We investigated mechanisms of concurrent attentional selection of location and color using electrophysiological measures in human subjects. Two completely overlapping random dot kinematograms (RDKs) of two different colors were presented on either side of a central fixation cross. On each trial, participants attended one of these four RDKs, defined by its specific combination of color and location, in order to detect coherent motion targets. Sustained attentional selection while monitoring for targets was measured by means of steady-state visual evoked potentials (SSVEPs) elicited by the frequency-tagged RDKs. Attentional selection of transient targets and distractors was assessed by behavioral responses and by recording event-related potentials to these stimuli. Spatial attention and attention to color had independent and largely additive effects on the amplitudes of SSVEPs elicited in early visual areas. In contrast, behavioral false alarms and feature-selective modulation of P3 amplitudes to targets and distractors were limited to the attended location. These results suggest that feature-selective attention produces an early, global facilitation of stimuli having the attended feature throughout the visual field, whereas the discrimination of target events takes place at a later stage of processing that is only applied to stimuli at the attended position.
Research on visual selective attention has mainly focused on three levels of selection: space, objects, and features. Models of spatial attention stress the importance of stimulus location as the main property for stimulus selection and feature binding (Treisman, 1988; Eriksen & Yeh, 1985; LaBerge, 1983; Posner, 1980; Treisman & Gelade, 1980), whereas object-based models propose selection on the basis of whole objects irrespective of spatial information (Schoenfeld et al., 2003; O'Craven, Downing, & Kanwisher, 1999; Duncan, 1984). Selection based on features as observed in single-cell recordings in monkeys is well accounted for by the feature similarity gain model (Maunsell & Treue, 2006; Treue & Martinez-Trujillo, 1999), which proposes that attention increases the gain of visual neurons that are sensitive to the behaviorally relevant target feature. Importantly, feature similarity not only is defined in terms of nonspatial features such as color but also includes spatial location (i.e., selection of location produces an analogous gain increase as does attention to nonspatial features of an object). In this model, attentional effects along different feature dimensions are combined in an additive manner. Relevant dimensions include direction of motion, spatial location, color, and orientation. Importantly, attending to a particular feature facilitates processing of that feature throughout the visual field.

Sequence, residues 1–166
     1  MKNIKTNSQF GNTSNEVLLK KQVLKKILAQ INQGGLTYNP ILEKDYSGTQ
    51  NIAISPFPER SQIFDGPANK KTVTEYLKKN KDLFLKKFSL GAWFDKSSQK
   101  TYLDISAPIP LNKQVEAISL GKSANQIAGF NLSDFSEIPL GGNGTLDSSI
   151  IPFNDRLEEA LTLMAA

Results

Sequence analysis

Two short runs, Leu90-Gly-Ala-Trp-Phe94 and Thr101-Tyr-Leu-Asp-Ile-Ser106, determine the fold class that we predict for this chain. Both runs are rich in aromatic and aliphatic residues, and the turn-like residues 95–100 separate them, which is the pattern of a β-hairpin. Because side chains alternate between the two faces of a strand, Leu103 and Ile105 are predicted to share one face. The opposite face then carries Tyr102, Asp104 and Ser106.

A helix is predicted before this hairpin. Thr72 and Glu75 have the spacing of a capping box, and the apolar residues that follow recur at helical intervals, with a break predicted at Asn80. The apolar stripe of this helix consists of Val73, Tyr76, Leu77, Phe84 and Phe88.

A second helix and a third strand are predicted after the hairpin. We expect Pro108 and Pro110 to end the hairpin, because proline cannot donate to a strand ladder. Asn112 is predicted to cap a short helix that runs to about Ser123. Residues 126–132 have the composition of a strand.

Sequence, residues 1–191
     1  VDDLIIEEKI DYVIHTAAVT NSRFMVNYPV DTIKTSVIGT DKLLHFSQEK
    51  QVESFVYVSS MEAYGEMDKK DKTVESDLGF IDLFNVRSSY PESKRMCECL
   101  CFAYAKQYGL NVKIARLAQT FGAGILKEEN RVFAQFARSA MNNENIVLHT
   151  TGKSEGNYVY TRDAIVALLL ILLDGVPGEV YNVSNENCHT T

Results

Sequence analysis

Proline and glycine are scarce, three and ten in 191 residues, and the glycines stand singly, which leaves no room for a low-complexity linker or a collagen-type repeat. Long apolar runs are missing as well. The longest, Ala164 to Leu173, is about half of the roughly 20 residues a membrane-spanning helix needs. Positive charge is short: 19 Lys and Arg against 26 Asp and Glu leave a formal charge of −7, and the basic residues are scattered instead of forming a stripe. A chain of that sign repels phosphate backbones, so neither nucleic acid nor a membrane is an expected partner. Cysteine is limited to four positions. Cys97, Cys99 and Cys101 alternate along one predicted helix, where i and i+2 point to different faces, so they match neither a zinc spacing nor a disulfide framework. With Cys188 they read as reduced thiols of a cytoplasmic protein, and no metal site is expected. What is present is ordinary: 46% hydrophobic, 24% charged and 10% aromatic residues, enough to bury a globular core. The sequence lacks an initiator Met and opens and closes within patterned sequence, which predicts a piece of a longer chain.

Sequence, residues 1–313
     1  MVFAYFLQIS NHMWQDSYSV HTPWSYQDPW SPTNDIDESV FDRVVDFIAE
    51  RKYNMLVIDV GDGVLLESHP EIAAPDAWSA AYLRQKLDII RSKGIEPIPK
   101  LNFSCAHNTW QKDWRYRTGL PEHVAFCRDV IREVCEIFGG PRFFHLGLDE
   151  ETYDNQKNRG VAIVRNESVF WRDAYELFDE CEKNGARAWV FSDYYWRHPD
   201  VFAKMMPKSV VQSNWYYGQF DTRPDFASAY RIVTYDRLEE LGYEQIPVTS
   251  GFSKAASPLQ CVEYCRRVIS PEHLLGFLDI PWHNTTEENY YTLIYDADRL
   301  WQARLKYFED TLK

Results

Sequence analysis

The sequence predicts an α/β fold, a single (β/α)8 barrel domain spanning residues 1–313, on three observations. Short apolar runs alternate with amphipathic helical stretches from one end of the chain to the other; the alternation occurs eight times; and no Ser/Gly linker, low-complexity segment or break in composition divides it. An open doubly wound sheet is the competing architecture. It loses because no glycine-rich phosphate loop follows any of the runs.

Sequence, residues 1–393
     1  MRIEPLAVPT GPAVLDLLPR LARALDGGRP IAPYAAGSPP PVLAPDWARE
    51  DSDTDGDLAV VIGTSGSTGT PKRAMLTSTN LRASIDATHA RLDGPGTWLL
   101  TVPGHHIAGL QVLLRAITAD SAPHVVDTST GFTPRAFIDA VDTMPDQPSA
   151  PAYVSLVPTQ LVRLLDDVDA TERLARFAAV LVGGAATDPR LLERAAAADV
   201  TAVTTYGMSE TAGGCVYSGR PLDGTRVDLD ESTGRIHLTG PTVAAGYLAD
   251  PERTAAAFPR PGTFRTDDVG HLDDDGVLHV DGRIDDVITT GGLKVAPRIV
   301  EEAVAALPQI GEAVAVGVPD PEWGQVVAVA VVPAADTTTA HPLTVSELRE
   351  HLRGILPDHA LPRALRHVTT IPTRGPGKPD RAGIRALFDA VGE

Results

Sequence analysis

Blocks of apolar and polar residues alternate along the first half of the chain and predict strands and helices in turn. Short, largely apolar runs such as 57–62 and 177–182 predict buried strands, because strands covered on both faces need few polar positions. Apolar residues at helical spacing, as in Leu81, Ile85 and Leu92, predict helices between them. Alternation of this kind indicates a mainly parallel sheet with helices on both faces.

This global effect of feature-based attention has been demonstrated in single-cell recordings of monkeys (Hayden & Gallant, 2005; McAdams & Maunsell, 2000; Treue & Martinez-Trujillo, 1999), in human fMRI (Liu, Stevens, & Carrasco, 2007; Serences & Boynton, 2007; Saenz, Buracas, & Boynton, 2002), and in recordings of human ERPs (Zhang & Luck, 2009; Hopf, Boelmans, Schoenfeld, Luck, & Heinze, 2004).
Only rarely, however, have the underlying neuronal mechanisms been investigated when spatial and feature-selective attention were combined. For example, the studies by Zhang and Luck (2009) and Saenz et al. (2002) employed asymmetric displays, in which overlapping stimuli were only presented on the attended side and the magnitude of feature-selective attention was only measured on the unattended side. Although these studies clearly demonstrated the existence of a global effect of feature selection, they fail to show how feature-selective and spatial attention is combined. Some indirect evidence for an additive combination of spatial and nonspatial attention was obtained in monkeys (Treue & Martinez-Trujillo, 1999), but this study lacked a condition in which the location of the stimulus was attended but its direction of motion was not. One imaging study reported higher modulation in human MT when attention was directed toward both location and motion of a stimulus as compared to when only location of the stimulus was attended (Beauchamp, Cox, & DeYoe, 1997). However, that study did not examine whether attentional effects of location and motion were additive in nature and, in addition, did not employ a full factorial design of feature and space, that is, there was no condition in which direction of motion but not location of the stimulus was attended.